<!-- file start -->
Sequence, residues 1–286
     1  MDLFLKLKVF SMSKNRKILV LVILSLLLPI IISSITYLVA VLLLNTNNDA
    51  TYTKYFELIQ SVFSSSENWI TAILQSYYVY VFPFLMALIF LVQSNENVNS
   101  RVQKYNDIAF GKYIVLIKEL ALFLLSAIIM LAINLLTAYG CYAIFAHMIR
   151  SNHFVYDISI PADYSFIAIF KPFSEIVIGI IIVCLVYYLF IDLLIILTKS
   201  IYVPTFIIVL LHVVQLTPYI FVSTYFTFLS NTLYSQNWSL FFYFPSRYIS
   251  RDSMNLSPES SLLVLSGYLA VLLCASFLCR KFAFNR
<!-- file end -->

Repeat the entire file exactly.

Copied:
Sequence, residues 1–286
     1  MDLFLKLKVF SMSKNRKILV LVILSLLLPI IISSITYLVA VLLLNTNNDA
    51  TYTKYFELIQ SVFSSSENWI TAILQSYYVY VFPFLMALIF LVQSNENVNS
   101  RVQKYNDIAF GKYIVLIKEL ALFLLSAIIM LAINLLTAYG CYAIFAHMIR
   151  SNHFVYDISI PADYSFIAIF KPFSEIVIGI IIVCLVYYLF IDLLIILTKS
   201  IYVPTFIIVL LHVVQLTPYI FVSTYFTFLS NTLYSQNWSL FFYFPSRYIS
   251  RDSMNLSPES SLLVLSGYLA VLLCASFLCR KFAFNR